From Brigadier General Nathanael Greene
Camp on Long Island Augt 4
Col. Hand Reports 21 Sail seen off last Evening, Eight arrivd at the Hook this morning and thirteen coming in.1
The Enemies Guard Boats pattroled much higher up the Bay than usual last Night.
I apprehend a couple of Guard Boats are necessary to Pattrole from Red to Yellow Hook across the Bay leading to Rappelyeas Mills, providing there are Boats to spare.2
Inclosd is a return of the Officers of Col. Hands Riffle Regiment.3 as the return made me by Col. Hand is not as intelligible as I could wish I shall send and get another as soon as may be. I must beg your Excellencys Pardon for suffering the return to escape my memory, and neglecting makeing it agreeable to your Orders some days past.
I shall send in a list of the Names in a few hours of the persons proper to be takeen up on this Island. I am with respect Your Excellencys Most Obedient Servant
1. Ambrose Serle, who was on Lord Howe’s flagship Eagle off Staten Island, writes in his journal entry for this date: “In the Afternoon the Renown of 50 Guns and the Flora of 32 Guns, with 22 Sail of Convoy, came into the Harbor. We have had so many Arivals of late, that the Rebel Commanders, we learn, give out to their People, that we send Ships down in the Night, which come up in the Course of the next Day, as a manoeuvre to intimidate them” (Tatum, Serle’s Journal description begins Edward H. Tatum, Jr., ed. The American Journal of Ambrose Serle: Secretary to Lord Howe, 1776–1778. San Marino, Calif., 1940. description ends , 54). The transports in the convoy carried mostly Highlanders of the 42d and 71st regiments but included some Hessians (see Marriot Arbuthnot to Lord George Germain, 8 July 1776, in Clark and Morgan, Naval Documents description begins William Bell Clark et al., eds. Naval Documents of the American Revolution. 11 vols. to date. Washington, D.C., 1964—. description ends , 5:966–68; see also GW’s second letter to Hancock of 7 Aug.).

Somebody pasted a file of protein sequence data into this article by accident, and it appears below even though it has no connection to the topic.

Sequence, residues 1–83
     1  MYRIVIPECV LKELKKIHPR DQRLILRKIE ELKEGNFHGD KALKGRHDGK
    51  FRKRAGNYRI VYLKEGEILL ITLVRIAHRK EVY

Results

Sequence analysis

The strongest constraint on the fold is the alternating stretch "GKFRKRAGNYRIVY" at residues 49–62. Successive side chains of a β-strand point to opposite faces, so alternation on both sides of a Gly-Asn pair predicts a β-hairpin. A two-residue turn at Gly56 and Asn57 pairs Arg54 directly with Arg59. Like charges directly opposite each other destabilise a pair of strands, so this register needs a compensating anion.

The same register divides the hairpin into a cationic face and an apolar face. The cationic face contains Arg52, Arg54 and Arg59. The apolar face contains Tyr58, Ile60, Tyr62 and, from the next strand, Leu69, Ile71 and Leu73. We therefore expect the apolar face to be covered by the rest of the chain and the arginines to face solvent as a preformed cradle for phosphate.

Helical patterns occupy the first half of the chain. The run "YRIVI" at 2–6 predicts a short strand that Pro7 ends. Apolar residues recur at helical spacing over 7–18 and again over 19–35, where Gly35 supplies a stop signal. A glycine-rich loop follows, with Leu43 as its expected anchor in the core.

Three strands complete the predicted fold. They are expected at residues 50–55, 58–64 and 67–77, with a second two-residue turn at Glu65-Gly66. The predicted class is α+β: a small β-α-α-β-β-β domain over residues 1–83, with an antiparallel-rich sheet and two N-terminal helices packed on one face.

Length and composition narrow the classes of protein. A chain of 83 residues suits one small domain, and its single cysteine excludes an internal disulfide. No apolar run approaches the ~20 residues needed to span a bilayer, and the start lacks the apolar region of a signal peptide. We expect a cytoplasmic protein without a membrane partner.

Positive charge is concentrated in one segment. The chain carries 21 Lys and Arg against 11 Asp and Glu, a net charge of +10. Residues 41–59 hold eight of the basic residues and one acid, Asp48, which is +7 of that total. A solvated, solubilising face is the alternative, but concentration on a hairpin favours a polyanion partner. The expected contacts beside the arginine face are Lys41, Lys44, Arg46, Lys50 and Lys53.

2. Gowanus Bay, a cove on the eastern shore of Long Island, is flanked on the north by Red Hook and on the south by Yellow Hook (now called Owl Head). Yellow Hook lay directly across the Narrows from the Watering Place on Staten Island where most of the British fleet was anchored.
3. This return has not been identified.